• How should unions respond to a member's harassment allegations that are directed against another bargaining unit employee to whom the union also owes a duty of fair representation? How can unions support complainants while at the same time fulfilling their duty of fair representation to respondents?

CONFERENCE ENDS

4:00 PM

Keynote Speakers


  • Bargaining: Learning from the last round, preparing for the next round

Monday, November 19, 2018



Bargaining: Learning from the last round, preparing for the next round

9:00 AM - 4:00 PM

Workshop Leaders

Jordana Feist
Research Representative
Canadian Union of Public Employees
Katie Fitzmaurice
Advisor, Information & Advisory Services, Regional Employers Services
Metro Vancouver
Jacquie Griffiths
Director, Regional Employers Services
Metro Vancouver
Bill Pegler
National Representative
Canadian Union of Public Employees

Workshop Summary

Good negotiators come to the table aware of all the data and arguments that support their demands as well as the data and arguments that may be used to resist their demands. Given the broad range of potential subjects of bargaining as well as the importance of external factors, such as generally prevailing economic and/or political conditions, negotiating teams may feel that comprehensive preparation is unmanageable and jump into negotiations without adequate awareness of important factors affecting bargaining. In this session, Lancaster's experts will introduce participants to sources of information and research methods that will allow them to fully prepare for bargaining.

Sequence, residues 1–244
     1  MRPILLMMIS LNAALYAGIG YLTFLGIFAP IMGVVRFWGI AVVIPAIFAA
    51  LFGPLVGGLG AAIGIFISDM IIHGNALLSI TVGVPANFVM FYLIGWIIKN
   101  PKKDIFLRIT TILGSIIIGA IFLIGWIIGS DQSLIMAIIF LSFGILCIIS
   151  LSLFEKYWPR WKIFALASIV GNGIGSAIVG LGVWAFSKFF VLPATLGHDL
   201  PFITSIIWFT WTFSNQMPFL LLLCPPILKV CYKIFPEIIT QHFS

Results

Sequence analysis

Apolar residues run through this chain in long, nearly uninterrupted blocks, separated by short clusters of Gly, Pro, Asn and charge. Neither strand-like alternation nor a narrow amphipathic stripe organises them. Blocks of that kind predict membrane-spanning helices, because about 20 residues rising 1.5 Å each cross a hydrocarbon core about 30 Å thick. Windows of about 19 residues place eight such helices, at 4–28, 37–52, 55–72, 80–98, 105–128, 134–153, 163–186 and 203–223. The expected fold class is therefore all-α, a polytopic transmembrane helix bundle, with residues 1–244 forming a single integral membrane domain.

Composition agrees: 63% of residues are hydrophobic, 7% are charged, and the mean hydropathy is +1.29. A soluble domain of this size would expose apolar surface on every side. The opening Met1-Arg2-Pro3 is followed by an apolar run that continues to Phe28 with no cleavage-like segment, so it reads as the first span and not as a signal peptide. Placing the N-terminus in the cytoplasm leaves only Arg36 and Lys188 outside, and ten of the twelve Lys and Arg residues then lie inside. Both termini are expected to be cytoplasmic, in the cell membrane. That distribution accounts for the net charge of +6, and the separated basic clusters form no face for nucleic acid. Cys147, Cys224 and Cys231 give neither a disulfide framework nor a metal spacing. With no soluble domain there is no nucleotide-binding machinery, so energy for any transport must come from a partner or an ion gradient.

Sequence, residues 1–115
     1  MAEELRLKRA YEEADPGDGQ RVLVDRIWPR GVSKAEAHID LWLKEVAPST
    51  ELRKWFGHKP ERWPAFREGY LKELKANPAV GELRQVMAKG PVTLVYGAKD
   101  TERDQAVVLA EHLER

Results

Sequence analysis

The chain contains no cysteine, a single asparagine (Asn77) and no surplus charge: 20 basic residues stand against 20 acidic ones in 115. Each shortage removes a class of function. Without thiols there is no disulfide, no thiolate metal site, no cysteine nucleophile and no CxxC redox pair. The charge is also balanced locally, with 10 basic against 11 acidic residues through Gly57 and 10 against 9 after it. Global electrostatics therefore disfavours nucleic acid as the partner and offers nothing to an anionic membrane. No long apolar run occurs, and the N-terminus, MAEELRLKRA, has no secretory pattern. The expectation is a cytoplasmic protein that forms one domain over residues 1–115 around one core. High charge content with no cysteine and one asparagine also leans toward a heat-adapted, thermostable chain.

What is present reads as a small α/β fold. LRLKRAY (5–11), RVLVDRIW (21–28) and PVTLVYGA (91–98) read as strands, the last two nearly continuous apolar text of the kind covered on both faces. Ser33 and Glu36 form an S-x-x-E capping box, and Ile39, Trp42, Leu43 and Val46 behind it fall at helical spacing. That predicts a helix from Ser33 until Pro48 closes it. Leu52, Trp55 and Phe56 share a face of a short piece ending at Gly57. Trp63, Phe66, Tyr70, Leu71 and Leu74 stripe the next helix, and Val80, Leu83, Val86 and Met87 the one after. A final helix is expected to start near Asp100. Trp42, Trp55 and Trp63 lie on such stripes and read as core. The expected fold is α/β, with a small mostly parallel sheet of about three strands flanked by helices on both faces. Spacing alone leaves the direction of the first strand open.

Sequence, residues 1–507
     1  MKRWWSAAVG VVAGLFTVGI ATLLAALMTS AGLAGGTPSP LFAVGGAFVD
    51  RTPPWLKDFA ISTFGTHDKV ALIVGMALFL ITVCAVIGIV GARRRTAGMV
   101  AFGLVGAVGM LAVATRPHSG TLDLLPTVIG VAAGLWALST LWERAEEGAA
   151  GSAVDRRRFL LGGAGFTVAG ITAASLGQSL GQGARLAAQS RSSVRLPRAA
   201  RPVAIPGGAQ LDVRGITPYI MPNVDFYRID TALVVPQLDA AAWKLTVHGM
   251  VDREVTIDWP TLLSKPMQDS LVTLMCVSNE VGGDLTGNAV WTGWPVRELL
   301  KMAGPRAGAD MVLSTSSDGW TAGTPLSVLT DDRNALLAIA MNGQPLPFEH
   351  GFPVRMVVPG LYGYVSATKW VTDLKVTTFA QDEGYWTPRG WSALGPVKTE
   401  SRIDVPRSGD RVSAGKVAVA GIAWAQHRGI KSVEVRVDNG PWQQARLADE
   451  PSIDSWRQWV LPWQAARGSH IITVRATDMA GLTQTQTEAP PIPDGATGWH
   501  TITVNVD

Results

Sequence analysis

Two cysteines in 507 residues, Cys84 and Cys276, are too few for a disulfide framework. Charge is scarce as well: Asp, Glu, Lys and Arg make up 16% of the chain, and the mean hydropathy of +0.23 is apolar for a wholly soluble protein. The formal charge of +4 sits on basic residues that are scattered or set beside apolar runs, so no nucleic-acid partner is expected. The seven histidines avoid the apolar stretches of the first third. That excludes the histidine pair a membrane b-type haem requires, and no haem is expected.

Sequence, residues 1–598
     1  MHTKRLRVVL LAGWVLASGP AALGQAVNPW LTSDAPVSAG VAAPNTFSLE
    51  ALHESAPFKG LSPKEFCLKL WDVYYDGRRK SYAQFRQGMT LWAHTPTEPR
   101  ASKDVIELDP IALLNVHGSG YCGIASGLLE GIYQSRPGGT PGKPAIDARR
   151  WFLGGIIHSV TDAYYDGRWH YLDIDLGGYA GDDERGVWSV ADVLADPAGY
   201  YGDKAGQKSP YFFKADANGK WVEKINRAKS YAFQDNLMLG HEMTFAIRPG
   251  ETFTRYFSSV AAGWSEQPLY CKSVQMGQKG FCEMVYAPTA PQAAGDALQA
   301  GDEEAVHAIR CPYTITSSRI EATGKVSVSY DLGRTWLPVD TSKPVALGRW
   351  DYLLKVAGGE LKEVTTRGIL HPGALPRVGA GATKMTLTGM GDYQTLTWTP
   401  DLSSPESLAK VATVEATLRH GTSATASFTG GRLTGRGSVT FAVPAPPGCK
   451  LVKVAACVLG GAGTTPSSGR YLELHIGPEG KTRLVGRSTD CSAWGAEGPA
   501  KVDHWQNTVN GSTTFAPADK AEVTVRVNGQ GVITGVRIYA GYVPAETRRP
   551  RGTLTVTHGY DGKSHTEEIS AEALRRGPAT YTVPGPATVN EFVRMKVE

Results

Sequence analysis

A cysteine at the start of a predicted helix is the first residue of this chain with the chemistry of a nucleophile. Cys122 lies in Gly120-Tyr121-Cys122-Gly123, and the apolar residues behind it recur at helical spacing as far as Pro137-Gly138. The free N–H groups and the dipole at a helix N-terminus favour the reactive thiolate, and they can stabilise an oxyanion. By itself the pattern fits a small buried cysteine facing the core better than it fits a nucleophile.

Participants will learn to:

  • Assemble and analyze data regarding internal factors, such as previous grievance experience and negotiating history, and external factors, such as terms and conditions for comparable employee groups as well as general political and fiscal considerations.
  • Determine the true priorities of bargaining unit members/employees, and how both unions and employers can apply their knowledge of these priorities.
  • Anticipate and prepare responses to the other side's demands.
  • Obtain information necessary for costing proposals.
  • Find relevant and reliable information on general economic conditions and factor this information into their bargaining strategy.
  • Locate collective agreement language, settlement agreements and awards that will bolster their own demands (including identifying appropriate comparator organizations or enterprises).

VIEW THE WORKSHOP AGENDA



Thursday, November 22, 2018



Effective Harassment Investigations: A step-by-step guide to conducting investigations

9:00 AM - 4:00 PM

Workshop Leaders

Jessica Gregory
Arbitrator/Mediator

Tina-Marie Bradford
Legal Counsel
British Columbia Government and Service Employees' Union
Sharon Cartmill‑Lane
Employer Counsel
Sheen Arnold McNeil

Workshop Summary